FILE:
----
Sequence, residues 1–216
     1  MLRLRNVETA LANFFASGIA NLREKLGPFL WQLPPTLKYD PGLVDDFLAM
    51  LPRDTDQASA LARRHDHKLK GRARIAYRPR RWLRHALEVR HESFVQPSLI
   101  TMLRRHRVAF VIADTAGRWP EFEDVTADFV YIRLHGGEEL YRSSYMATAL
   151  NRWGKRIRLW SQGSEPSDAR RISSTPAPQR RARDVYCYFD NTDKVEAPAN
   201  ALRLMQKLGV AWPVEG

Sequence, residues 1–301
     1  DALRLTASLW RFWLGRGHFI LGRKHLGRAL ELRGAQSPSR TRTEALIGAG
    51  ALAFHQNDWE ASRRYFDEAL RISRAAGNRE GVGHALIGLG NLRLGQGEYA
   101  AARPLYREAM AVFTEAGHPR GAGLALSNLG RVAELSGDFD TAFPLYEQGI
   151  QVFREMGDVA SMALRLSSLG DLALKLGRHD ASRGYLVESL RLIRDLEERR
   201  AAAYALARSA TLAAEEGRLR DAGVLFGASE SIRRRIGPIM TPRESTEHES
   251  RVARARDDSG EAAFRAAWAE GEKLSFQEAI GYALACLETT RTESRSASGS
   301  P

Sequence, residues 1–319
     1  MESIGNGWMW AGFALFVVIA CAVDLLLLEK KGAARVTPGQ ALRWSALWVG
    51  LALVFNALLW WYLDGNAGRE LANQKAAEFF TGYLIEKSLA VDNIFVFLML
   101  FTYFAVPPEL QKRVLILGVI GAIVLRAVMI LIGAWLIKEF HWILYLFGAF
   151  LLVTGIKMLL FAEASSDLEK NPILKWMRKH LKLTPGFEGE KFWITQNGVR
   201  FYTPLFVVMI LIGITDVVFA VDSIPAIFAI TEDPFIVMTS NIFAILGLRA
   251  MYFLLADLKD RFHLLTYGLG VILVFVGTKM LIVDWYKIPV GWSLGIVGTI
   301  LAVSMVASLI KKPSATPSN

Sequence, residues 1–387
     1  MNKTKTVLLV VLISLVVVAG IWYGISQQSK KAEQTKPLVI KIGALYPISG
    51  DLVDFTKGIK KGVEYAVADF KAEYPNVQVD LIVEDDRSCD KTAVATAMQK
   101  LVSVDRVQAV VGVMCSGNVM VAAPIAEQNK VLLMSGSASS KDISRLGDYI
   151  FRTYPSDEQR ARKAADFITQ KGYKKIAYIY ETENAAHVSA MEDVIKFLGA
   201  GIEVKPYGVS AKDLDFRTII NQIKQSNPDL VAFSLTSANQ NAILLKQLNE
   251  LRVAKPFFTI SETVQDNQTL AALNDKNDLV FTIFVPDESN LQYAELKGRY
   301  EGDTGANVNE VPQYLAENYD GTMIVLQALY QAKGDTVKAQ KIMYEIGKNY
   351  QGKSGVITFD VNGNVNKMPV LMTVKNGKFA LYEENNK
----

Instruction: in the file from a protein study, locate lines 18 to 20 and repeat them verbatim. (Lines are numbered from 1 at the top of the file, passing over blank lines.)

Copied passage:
   101  FTYFAVPPEL QKRVLILGVI GAIVLRAVMI LIGAWLIKEF HWILYLFGAF
   151  LLVTGIKMLL FAEASSDLEK NPILKWMRKH LKLTPGFEGE KFWITQNGVR
   201  FYTPLFVVMI LIGITDVVFA VDSIPAIFAI TEDPFIVMTS NIFAILGLRA